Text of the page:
14 Jul 2012
By : Rico Cruz
Affordable Ice Cream Sandwich
Lenovo, one of the most recognizable names in PCs, made its way to the mobile phone market last October, with a handful of feature phones and one Android smartphone, the A60. Being targeted at the budget-conscious set, the A60 came with dual-SIM functionality and ran Android 2.3 “Gingerbread”, which was still the main Android build for smartphones as Android 4.0 “Ice Cream Sandwich” had just been released.
Lenovo P700 is one of the first dual-SIM ICS smartphones to hit the market, and is the most affordable at PhP 10,999.
Slowly but surely, the cold confectionery is becoming the new standard, thanks to huge sales of the latest models, all of which come with Android 4.0, like the Samsung Galaxy S III. Of course, not everyone can afford a PhP 30,000 smartphone, but now, ICS is available with the launch of more budget-friendly models like the HTC Desire C, which has a price tag of PhP 10,990. Selling for around the same amount (PhP 10,999) is the Lenovo P700, which one-ups the Desire C by adding dual-SIM capabilities (just like its predecessor, the A60) and a large-capacity 2500mAh battery. Other specs include a 1GHz single-core CPU, a 4-inch IPS LCD with a resolution of 800 x 480. This might not sound too sharp compared to the HD panels on the flagship Android models out there, but we found the display to be very crisp and clear, with plenty of brightness to spare.
Unlike the super-slim flagship phones from Samsung and the like, the Lenovo P700 is quite thick and heavy, due to its high-capacity battery and dual-SIM circuitry. The overall design is actually quite clean, and reminds us of the earlier HTC smartphones. We can see here on the right side the phone’s volume rocker and camera button.
Unlike most ICS smartphones, the P700 has a four-button setup (L-R): Options, Home, Back and Tasks.
On top you will find the phone’s 3.5mm audio port and micro-USB port.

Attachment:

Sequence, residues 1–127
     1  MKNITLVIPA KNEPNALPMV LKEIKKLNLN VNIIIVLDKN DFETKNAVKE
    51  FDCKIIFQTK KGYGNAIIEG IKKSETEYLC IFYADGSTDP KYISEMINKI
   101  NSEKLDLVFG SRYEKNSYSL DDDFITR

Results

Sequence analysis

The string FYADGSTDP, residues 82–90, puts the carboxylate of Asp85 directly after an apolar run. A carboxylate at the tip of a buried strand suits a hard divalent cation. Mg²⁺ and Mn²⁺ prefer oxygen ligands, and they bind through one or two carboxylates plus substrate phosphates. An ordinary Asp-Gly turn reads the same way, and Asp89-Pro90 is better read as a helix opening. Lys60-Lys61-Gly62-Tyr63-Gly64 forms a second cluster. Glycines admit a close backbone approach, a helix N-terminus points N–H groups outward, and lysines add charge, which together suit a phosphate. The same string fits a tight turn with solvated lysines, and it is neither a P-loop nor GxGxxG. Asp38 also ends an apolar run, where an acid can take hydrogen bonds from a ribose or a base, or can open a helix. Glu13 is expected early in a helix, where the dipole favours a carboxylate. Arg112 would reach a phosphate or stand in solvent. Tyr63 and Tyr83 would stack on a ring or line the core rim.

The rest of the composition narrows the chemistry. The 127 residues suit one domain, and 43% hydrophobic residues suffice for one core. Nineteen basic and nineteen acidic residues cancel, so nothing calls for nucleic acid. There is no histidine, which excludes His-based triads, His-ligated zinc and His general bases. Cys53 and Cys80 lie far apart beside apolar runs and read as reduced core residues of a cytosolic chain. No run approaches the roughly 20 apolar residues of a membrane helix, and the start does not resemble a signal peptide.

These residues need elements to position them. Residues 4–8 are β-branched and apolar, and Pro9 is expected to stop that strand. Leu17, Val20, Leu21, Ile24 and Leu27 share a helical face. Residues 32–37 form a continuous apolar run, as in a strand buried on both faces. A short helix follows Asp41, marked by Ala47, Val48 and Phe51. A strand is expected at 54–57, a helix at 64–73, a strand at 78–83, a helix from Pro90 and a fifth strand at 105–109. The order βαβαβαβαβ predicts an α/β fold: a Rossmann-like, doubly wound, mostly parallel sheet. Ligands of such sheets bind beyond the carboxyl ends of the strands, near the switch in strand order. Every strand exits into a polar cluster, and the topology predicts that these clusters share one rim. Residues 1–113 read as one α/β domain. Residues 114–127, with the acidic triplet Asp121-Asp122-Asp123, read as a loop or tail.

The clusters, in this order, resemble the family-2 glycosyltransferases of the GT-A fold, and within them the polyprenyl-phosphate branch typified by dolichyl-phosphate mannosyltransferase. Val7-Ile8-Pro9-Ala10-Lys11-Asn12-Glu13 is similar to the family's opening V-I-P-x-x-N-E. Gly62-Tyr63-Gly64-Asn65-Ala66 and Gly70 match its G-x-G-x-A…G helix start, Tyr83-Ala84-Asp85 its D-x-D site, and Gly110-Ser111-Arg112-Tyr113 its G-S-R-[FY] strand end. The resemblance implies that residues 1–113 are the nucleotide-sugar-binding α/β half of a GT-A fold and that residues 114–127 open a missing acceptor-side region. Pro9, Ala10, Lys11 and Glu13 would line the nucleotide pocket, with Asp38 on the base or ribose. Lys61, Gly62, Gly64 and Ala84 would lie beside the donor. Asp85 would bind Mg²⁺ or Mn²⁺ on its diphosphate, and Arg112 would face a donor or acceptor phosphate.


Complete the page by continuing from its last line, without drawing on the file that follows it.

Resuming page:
The phone’s rear cover has a very cool carbon fiber-like texture which is punctuated by the 5-megapixel main camera and speaker.
Removing the battery reveals the phone’s dual SIM card slots and microSD card slot which accepts cards with up to 32GB storage capacity. The phone has about 3GB internally.
The 2500mAh battery of the P700 is what makes it quite large and heavy, but should translate to exceptional battery life
Not Your Average Entry-Level
During our review of the A60, we found that Lenovo didn’t change much on the interface of the stock Android 2.3 Gingerbread OS. With ICS, the story is the same, although Lenovo has added the “Lotus” shortcut widget which we saw on their tablets, along with some redesigned circular icons. With its 1GHz CPU, which is pretty fast for something at this price point, we were able to navigate said UI quite smoothly (although it wasn’t snappy), without lags to speak of, except in some video playback during our battery test. Our smartphone battery test consists of playing an 800 x 480 video on loop at maximum volume and brightness, with Wi-Fi on and constant email and Twitter updates. Under these conditions, the P700 lasted a very impressive 487 minutes, or 8 hours and 7 minutes. Take note that our battery test is meant to push it to its limits. A result of over 8 hours could easily translate to 24 hours or more in real-life usage.
The 5-way “Lotus” shortcut widget is completely customizable.
Lenovo did not customize the ICS UI much, but they did design it in such a way that it is quite clean and simple.
As for system tests, we ran the P700 through our Quadrant benchmark test, and stacked it up against the similarly appointed but much more expensive HTC One V. Despite the almost identical specifications, the P700 came out on top, but by a narrow margin. It must be noted though that the One V has a much higher SRP of PhP 16,990 and does not have dual-SIM function nor a high-capacity battery, having only 1500mAh.
We also tried the P700 as a gaming device. Need for Speed: Shift ran very well on the handset, but it manifested lagging when it handled Dead Space. See the videos below:
As for imaging, we found the P700’s 5-megapixel camera to work pretty well outdoors in direct sunlight, but without an LED flash, it struggles when the sun goes down, resulting in some pretty blurry photos. Video on the other hand, is pretty much what one would expect from a cellphone camera, despite the HD resolution. Check out the samples below for a closer look.
As far as entry-level Android smartphones go, this is one of the most bang for bucks model we’ve seen so far. For PhP 10,999 you get a decently-performing ICS handset, with dual-SIM capabilities, and solid battery life. Some may balk at the relatively bulky form factor, but there’s good reason for it, and for the budget-conscious among us, we don’t think it’s going to be a problem. If you’re on the lookout for an Android smartphone for around PhP 10,000, this may be your best bet. If you want to know more about the P700 or other Lenovo smartphones, check out their official website.